Rosser Oztrain kiln

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These pages first written June 2009 and subsequently revised
When our small salt kiln finally deteriorated to a state in which it became difficult to fire we decided to build a kiln smaller and easier to fire than our anagama  but which could reproduce some of the natural ash patterns achievable in the anagama. We wanted the option of relatively short firings of glazed ware or longer firings for natural ash effects. Although the kiln replaced a salt kiln we did not intend to use salt in it.  Steve Harrison's awkwardly named Long Throat Bourry Box Kiln, which is similar in principle to John Neely's Train Kiln, seemed an appropriate choice for us. We called it  the Oztrain Kiln for convenience.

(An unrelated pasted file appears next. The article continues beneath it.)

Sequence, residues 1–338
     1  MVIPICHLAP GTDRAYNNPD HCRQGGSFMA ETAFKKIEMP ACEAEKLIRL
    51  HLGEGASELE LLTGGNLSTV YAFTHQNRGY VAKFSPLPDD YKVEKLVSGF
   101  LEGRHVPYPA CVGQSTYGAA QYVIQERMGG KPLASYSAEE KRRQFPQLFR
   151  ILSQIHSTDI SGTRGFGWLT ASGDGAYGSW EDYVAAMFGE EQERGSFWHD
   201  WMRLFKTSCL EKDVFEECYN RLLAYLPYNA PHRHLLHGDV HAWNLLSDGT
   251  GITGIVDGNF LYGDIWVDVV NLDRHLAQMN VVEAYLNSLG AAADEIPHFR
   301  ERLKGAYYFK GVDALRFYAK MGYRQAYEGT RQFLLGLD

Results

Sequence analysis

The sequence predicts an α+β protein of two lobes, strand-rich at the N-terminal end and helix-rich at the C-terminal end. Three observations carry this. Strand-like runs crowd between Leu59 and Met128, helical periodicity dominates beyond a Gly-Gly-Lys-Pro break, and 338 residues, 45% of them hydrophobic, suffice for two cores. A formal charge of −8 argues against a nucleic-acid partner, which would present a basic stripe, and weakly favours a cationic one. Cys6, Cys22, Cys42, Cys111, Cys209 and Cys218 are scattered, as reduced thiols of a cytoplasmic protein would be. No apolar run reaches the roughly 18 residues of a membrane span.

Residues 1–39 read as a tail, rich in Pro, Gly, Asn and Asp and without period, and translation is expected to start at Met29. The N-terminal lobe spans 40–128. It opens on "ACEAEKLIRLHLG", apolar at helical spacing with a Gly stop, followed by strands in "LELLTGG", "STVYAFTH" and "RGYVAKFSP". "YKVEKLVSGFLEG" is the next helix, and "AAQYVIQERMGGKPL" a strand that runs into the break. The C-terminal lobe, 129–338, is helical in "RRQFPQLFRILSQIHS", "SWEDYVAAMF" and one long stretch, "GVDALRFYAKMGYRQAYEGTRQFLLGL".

The kiln is rectilinear and not at all elegant, unless you count the elegance of simplicity. It has a Bourry box at one end, a single narrow chamber which is horizontal,  and a chimney at the other end.It is loaded from the top, and finding suitable material to span and insulate the top of the chamber is the only skill required in construction.  Across the top of the chamber we used silicon carbide kiln shelves, which  had seen action in two previous salt kilns: five 2x2 ft shelves plus one 2x1 ft shelf, spanning a chamber 11 ft long and 22 ins wide at the top. A six inch thick layer of ceramic fibre on top of the kiln shelves provides insulation.
Because the design is so simple and the dimensions so arbitrary this is the sort  of kiln which depends a lot on what materials are available. The only point of these pages is to illustrate  solutions to a number of trivial problems.

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